Why One Week Sprints Work Best in Distributed Agile
Sprint length is a topic of debate for companies employing Scrum. In my opinion, there is no one “right” length for sprints because of the myriad of factors that influence how effective a specific sprint length can be for a company. Availability of stakeholders, the stage of the company and experience with scrum are all very important considerations when choosing the right length of sprints. What works in one situation may not work in another but it’s critical to set a fixed sprint length is to establish rhythm for the team. At AgilityFeat, we work in distributed teams. We’ve learned that the one week sprint is the best cadence for our teams and here’s why.
1. More opportunities for feedback from the client
As a company that is hired to develop products by our clients, we have found that investing in weekly demo sessions has enormous value for our clients. These demo sessions create regular intervals for our clients to view and use the software that we have built. This in turn enables the client to show development to their customers which can inject feedback from the market in near real time.
2. More opportunities for feedback from the team
Weekly Retrospectives mean more opportunities for the team to discuss what is working and what needs to be improved. While it requires an increased level of discipline to conduct weekly Retrospective sessions, the increased number of cycles to try new things to improve the team’s performance enables a more rapid pattern of experiments and learning. One important key to running weekly retrospectives is to make them easy to run, document and act on. We use Sensei to run our Retrospectives.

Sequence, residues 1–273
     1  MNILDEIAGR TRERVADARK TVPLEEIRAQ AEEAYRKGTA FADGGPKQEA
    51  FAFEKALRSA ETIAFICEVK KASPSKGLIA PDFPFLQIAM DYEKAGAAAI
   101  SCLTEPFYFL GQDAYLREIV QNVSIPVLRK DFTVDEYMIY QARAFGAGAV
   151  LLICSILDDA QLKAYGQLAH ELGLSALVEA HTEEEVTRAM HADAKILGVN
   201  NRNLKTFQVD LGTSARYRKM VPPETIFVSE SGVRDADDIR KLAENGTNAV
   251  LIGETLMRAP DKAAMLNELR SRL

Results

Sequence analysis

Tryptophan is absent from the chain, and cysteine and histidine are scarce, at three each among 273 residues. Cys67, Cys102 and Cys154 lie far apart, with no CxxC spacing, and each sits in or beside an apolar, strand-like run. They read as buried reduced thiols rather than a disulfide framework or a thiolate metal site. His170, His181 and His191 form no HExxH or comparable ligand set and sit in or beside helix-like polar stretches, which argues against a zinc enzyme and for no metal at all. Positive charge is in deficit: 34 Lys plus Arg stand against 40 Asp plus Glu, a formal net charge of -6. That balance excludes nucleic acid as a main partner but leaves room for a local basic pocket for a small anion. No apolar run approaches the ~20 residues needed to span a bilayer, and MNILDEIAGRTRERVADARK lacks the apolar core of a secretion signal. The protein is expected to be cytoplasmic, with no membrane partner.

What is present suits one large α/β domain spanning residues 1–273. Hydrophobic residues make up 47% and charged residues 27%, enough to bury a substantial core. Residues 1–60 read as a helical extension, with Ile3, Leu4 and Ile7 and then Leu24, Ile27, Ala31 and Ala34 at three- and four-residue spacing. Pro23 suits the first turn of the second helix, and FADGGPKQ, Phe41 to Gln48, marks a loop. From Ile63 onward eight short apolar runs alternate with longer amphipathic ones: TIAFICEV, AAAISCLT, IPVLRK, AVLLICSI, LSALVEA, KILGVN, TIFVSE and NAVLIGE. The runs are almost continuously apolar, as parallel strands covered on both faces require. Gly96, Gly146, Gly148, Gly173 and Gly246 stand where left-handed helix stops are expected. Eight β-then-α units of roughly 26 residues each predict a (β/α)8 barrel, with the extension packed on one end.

3. More control for product owners
One week sprints means that stories need to be smaller to fit into the tighter time cadence. The requirement of smaller stories means that product owners have an increased ability to change the priority of user stories to react to changing conditions in the market or within their company. If an opportunity pops up for a feature that is lower in the product backlog the product owner doesn’t have to wait weeks for the current sprint to complete. Instead, the product owner can react to the opportunity nearly immediately by pushing the feature to the top of the product backlog. As the Agile Manifesto values “responding to change over following a plan”, weekly sprints maximize a team’s ability to respond to change.
4. Increased transparency for development
Weekly demos force a team to confront any challenges that are slowing them down. Longer sprint cycles increase the opportunity for teams to work too long in the wrong direction or possibly to procrastinate and not uncover a challenge until it is too late for a product demo. One week sprints require that developers demo their work each week, which gives stakeholders a regular update on real progress of a project (vs reported progress). Further, it creates a healthy environment of open communication to clarify vague user stories or under-thought feature requests.
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